posted by wendy at 5:52 p.m.

Thursday, September 19, 2002

  Cancer...when I was growing up in the '70s there were many tv movies and shows that talked about this disease. Like so many other diseases, I felt somehow distant from it. "That" happened in the States (as most of the show's actors were American). "That" happened to people I didn't know. I could watch the shows, cry and then be thankful that we didn't have to fight that battle.

Then I started to see it in "my" world. Friend's parents were diagnosed with the disease. They always died. Friends were diagnosed with the disease. Many of them have died. I think the first time I ever felt particularly personally or "family"-iarly aware of the disease was when my Aunt Bonnie told us that she had cancer. She joked about losing the hair and being able to blame the drugs for a sudden gain or loss in weight. She talked about sores that wouldn't heal, but always smiled and showed us in person what "joyfulness" and love a person can have for life (just like the actors' portrayed their characters on the screen). But she fought it...for a long time. Until finally, in 1993, her body now weakened by other illnesses and more cancer took over her body and she couldn't fight it any longer.

I sat with another friend of the family when he too was dying from cancer. Of course, at that time, we were all sure that modern science and its many therapies would help him fight cancer. I remember one day in particular when I was visiting him. We watched the sail boats out in Hamilton Harbour from the cancer ward. I don't know that we shared so much in words, but we shared a love for the beauty that was playing out before us. He had lost his hair by then, although I never really remembered him having a lot of hair to begin with...but the thing that I kept remembering was just how cold he was. He couldn't get warm. Eventually he too passed away.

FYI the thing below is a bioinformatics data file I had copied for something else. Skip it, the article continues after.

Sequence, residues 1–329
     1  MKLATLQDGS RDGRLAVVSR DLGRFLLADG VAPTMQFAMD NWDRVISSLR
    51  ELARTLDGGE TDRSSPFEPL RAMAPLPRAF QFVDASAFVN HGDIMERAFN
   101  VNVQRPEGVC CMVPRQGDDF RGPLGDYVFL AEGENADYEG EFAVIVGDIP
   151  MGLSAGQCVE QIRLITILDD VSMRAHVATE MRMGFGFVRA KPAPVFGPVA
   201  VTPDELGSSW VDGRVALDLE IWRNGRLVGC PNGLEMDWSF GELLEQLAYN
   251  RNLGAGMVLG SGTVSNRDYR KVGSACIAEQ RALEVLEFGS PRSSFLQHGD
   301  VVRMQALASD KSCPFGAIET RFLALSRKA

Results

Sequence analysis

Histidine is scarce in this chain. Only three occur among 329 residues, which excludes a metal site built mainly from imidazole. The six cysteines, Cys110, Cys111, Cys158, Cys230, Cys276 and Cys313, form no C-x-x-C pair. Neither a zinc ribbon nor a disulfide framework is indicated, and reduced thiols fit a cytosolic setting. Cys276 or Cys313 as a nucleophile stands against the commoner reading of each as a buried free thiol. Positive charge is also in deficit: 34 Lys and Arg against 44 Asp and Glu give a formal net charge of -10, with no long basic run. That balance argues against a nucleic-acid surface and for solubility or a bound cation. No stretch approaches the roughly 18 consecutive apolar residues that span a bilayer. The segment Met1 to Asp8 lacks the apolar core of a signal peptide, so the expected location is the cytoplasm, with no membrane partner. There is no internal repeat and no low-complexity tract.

Last year it was my mom's friend Tom. This year, my sister-in-law lost her father. My best friend lost his mother. Jerry's cousin Janice has watched as her husband, once a professional football player, has weakened and changed. All due to cancer.

When I started working at Bridges in the early spring, there was a very strong bond with the employees. Oh, we did the usual gossip here and there, or we pulled together to get that last job done, but every Monday at our huge staff meeting in the garage, Doug would hold up a pink piggy bank and say..."do you have something to share?...for a donation to the pink pig". Many people announced their engagements, their finally cleaned house, the arrival of their friends for March break, and the new expectant moms and dads shared their new news with joy. They deposited a dollar, tooney, and sometimes people stuffed in bills to announce their news. From that wee pig started the beginning of the company's quest for a cure. All of the money saved was going to research and help women with Breast Cancer.

Finally, we started into full gear. There were challenges and "ra ra meetings" encouraging all of us to sign up to Run for the Cure. We each committed to raise at least $100. Seventy-five people joined up. That meant that we would be able to raise $7,500. The company would match our pledges. The math worked out. It seemed a wonderful thing.